Voordat er onderhandeld kan worden, moet Israël het Arabische vredesinitiatief onvoorwaardelijk accepteren, heeft een Saoedische diplomaat gezegd, in reactie op Olmerts oproep tot een gemeenschappelijke top om over vrede te praten. Bovendien kan pas sprake zijn van erkenning van Israël nadat het zich tot de pre-1967 grenzen heeft teruggetrokken en er een Palestijnse staat is. Misschien, indien alles volledig naar wens van de Arabische staten is verlopen, de vluchtelingen en hun miljoenen nakomelingen naar Israël zijn teruggekeerd en gecompenseerd en Israël verder geen noten op zijn zang heeft.
Dit is een beetje vreemd idee over hoe vijandige staten vrede met elkaar sluiten. Soms, als een partij genadeloos is verslagen zoals Duitsland na de Eerste Wereldoorlog, wordt een dergelijke dictaat opgelegd, maar zelfs hier is men van teruggekomen. Voor zover ik weet is Israël nooit verslagen door de Arabische staten. Dat Israël een dergelijke dictaat niet accepteert mag dan ook niet verbazen, en het is absurd daaruit te concluderen (zoals sommigen doen) dat Israël geen vrede wil.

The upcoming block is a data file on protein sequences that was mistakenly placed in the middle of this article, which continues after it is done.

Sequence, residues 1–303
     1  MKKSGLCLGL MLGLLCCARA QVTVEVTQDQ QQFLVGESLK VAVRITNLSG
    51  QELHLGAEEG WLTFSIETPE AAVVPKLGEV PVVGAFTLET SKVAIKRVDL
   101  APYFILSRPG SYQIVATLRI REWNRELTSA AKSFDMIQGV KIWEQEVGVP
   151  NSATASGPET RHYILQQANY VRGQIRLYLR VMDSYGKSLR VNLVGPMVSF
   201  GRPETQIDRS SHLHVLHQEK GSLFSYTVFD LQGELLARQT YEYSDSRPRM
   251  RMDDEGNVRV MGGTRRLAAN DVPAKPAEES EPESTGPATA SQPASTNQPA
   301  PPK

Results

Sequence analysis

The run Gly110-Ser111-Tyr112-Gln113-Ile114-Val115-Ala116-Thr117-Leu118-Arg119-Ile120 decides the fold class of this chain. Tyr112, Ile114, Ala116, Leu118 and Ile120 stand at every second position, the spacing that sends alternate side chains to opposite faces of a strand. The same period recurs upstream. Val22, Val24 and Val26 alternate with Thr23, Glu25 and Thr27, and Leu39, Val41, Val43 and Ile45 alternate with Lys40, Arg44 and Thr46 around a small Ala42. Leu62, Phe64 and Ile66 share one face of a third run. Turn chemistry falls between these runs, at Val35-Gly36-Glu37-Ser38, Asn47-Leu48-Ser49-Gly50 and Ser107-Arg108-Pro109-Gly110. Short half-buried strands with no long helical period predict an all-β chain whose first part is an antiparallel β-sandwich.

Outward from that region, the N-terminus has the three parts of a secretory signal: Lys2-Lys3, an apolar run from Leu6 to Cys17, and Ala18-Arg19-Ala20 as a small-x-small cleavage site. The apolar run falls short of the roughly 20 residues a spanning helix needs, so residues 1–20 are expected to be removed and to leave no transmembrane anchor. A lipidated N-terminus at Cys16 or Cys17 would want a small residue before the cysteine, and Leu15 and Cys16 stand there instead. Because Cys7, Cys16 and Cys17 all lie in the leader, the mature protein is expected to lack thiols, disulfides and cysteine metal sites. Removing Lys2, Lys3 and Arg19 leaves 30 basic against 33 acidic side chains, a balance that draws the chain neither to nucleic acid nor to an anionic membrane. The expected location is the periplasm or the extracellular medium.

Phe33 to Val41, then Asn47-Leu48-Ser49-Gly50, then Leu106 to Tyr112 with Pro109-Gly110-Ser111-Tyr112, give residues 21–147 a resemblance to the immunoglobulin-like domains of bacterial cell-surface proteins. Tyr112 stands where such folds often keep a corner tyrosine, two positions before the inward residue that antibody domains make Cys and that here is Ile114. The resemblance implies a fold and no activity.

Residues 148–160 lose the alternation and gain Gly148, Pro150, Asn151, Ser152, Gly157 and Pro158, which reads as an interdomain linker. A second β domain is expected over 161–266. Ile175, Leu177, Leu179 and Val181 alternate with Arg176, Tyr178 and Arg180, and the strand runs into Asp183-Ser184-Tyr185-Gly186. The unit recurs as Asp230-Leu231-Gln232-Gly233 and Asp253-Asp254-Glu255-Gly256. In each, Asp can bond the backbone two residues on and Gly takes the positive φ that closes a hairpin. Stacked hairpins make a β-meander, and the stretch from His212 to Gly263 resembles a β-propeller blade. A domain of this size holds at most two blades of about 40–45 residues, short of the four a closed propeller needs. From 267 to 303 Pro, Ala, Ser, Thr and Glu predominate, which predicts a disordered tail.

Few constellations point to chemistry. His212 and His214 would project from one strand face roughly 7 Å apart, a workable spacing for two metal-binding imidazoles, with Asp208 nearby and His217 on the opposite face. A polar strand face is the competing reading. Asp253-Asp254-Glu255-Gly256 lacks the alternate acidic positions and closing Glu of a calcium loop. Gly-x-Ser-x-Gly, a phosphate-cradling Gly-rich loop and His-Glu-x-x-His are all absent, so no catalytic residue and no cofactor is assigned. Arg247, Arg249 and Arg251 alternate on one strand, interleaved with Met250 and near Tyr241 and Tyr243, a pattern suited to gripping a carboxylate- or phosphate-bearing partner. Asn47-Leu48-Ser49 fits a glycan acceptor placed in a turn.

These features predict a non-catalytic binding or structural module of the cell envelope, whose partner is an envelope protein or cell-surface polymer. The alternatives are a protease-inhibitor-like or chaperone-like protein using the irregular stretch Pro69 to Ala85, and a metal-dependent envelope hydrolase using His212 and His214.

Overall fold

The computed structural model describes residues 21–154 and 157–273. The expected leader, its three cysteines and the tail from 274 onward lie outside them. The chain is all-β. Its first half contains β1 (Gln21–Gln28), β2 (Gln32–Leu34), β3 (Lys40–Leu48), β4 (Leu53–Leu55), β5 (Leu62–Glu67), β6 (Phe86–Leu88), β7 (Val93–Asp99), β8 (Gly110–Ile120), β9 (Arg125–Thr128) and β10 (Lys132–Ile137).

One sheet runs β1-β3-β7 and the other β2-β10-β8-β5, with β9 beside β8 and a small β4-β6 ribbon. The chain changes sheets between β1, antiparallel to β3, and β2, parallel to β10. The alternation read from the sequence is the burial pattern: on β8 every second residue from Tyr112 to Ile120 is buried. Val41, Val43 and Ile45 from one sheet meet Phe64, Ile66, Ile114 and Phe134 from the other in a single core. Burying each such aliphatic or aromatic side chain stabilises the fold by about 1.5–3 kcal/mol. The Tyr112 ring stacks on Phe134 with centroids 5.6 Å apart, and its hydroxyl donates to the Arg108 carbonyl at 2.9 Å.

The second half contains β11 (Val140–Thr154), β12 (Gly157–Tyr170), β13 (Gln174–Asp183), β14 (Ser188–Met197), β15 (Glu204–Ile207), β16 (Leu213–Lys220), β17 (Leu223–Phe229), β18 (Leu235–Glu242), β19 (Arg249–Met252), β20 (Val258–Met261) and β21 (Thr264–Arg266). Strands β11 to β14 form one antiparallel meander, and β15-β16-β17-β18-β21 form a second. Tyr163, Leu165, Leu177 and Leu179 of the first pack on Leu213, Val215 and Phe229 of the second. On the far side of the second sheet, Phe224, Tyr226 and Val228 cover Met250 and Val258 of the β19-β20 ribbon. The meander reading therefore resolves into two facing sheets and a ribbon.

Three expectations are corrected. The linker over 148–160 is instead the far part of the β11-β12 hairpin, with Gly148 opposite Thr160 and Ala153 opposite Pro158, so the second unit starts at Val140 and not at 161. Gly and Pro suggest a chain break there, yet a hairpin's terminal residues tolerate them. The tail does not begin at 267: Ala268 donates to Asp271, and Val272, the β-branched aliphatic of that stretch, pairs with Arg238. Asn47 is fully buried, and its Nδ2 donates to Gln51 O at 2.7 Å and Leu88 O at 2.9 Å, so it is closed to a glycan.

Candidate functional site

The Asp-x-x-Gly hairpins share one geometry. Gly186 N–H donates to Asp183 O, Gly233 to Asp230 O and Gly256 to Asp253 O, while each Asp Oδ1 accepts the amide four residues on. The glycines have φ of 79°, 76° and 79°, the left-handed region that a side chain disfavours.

Er is een groot verschil tussen vrede en overgave.


Saudi official: Israel should leave 'Arab' territory
Associated Press, THE JERUSALEM POST Apr. 2, 2007

Israel should withdraw from Arab territory and allow the creation of a Palestinian state before Arabs recognize it, a Saudi official said Monday - the first Saudi statement on the issue since Prime Minister Ehud Olmert publicly invited Arab leaders to discuss their ideas for peace with him.